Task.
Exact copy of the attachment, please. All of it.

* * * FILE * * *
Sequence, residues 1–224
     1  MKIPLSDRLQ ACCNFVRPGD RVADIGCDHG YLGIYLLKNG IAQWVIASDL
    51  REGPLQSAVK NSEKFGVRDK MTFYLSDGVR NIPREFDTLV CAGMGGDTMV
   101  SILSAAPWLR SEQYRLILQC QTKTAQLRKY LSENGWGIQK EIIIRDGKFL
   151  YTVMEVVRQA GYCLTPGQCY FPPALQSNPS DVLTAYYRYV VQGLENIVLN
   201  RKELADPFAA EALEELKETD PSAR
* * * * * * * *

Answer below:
Sequence, residues 1–224
     1  MKIPLSDRLQ ACCNFVRPGD RVADIGCDHG YLGIYLLKNG IAQWVIASDL
    51  REGPLQSAVK NSEKFGVRDK MTFYLSDGVR NIPREFDTLV CAGMGGDTMV
   101  SILSAAPWLR SEQYRLILQC QTKTAQLRKY LSENGWGIQK EIIIRDGKFL
   151  YTVMEVVRQA GYCLTPGQCY FPPALQSNPS DVLTAYYRYV VQGLENIVLN
   201  RKELADPFAA EALEELKETD PSAR